Feb 27, 2015
10,943
Merseyside
Do you have power of attorney? If do could you limit her money to stop the amount of alcohol she buys?
 

Sue J

Registered User
Dec 9, 2009
8,035
Yes, I think you are right and usually I keep the car at my house, away from mum, but then of course she gets angry and tells me to bring it back. I don't know whether to tell her the truth, i.e. you are not allowed to drive, explain why, which I have tried but always get the same response. She tells me that "of course I can drive" and "I want to drive". Living in London I point out the fact there are lots of buses, she can call a cab etc, which she grumbles about.
Re the alcohol. she buys it herself, when shopping with the carer. The carer is not strong enough to stop her.
Hi Richyboy

Does the carer try to stop her though? She could say you have got a bottle at home and produce a watered down version maybe on return from shopping trip?
Just a suggestion

Best wishes
Sue:)

Just reread your post and July is not really that long since you have both been bereaved. Your Mum must be still adjusting to the loss of your father and perhaps still thinking he is here and drinking wine , something they enjoyed together is perhaps part of her grief process. With Christmas coming too it must be very hard for her and you.
 
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Emac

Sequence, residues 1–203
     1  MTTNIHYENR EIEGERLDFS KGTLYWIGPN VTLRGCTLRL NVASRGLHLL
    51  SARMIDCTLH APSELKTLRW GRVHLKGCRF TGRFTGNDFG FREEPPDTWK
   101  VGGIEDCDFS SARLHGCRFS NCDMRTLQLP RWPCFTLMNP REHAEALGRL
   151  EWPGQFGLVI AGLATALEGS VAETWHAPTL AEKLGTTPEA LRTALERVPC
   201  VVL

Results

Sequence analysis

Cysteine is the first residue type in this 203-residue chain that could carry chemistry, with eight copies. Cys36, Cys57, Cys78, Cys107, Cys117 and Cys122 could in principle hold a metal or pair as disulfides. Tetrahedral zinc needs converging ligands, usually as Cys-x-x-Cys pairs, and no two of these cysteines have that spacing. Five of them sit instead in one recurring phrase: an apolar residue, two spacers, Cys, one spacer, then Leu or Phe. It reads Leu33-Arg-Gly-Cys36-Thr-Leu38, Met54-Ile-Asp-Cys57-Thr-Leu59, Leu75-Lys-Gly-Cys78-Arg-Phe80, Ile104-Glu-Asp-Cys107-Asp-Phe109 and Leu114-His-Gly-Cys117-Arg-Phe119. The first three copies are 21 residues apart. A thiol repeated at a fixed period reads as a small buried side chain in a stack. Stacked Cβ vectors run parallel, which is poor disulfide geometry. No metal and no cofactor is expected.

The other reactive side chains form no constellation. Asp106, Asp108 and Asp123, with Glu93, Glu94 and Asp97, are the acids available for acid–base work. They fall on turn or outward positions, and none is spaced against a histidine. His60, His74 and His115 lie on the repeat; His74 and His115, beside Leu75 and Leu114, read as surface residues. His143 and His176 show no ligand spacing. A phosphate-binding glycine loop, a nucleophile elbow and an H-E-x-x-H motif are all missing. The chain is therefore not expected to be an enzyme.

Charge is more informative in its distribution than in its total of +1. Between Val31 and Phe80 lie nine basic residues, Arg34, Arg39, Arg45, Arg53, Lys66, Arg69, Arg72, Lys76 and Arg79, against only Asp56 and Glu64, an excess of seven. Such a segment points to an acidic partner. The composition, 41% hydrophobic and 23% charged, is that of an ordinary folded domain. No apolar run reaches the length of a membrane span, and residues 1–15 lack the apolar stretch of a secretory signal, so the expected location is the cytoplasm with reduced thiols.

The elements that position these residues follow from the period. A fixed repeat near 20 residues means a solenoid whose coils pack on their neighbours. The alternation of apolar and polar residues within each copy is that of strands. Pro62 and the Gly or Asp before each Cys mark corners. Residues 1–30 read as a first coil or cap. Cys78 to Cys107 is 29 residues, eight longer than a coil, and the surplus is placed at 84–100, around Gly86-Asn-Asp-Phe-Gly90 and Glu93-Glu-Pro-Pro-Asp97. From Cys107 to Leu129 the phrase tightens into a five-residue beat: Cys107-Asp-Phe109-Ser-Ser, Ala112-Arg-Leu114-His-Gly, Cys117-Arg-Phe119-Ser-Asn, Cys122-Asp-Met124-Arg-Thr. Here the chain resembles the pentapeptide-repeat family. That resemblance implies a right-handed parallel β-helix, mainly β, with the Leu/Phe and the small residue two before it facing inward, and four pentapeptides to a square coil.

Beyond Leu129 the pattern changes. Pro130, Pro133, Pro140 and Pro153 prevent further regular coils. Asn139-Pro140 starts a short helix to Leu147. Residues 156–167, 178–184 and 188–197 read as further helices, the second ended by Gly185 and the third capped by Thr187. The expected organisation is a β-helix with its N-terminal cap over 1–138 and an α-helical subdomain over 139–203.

Registered User
Mar 2, 2013
186
Sounds like your Mum is a strong willed lady, a bit like mine! We had to trick her when it came to alcohol, first with watered down very weak measure and then with just running a finger of spirit round the top of the glass so she thought she had bacardi when it was really only coke. Over time the trickery got easier and now she doesn't drink at all or even ask for it. Strongly opposing just means a fight. Clever handling is the way forward. Perhaps you need a carer (who might be called a housekeeper or a companion if your Mum is embarrassed by the carer tag) with dementia experience who will be more adept at managing her? I liked the suggestion of telling her she had a bottle at home.
Re the driving I would absolutely involve the GP. Sometimes having an authority figure say she mustn't drive due to medical conditions is acceptable where the same message from her son will be ignored. If that fails could you say it's at the garage for repairs when she asks you to bring it back? Hope you have some success with the TP folk's suggestions.
 

canary

Registered User
Feb 25, 2014
11,646
South coast
Yes, I think you are right and usually I keep the car at my house, away from mum, but then of course she gets angry and tells me to bring it back. I don't know whether to tell her the truth, i.e. you are not allowed to drive, explain why, which I have tried but always get the same response. She tells me that "of course I can drive" and "I want to drive". Living in London I point out the fact there are lots of buses, she can call a cab etc, which she grumbles about.
Re the alcohol. she buys it herself, when shopping with the carer. The carer is not strong enough to stop her.
Im assuming from this that she has been told that she is not allowed to drive (not just by you), but she is still driving. If this is so, then she wont have a valid driving license and also her car insurance wont be valid. It doesnt bear thinking about in London..... Especially if shes also drinking :eek:
Move the car and tell her its having its MOT ..... its failed its MOT .... its being repaired. Its no use trying to argue and/or reason with her - she will not understand and even if you get her to agree she wont remember.
Tough love maybe.
 

pippop1

Registered User
Apr 8, 2013
501
Grape juice, both white and red, are the same colours as wine and she may not notice if they are in wine bottles? Let her buy the odd bottle of wine with the carer and the carer can substitute the contents.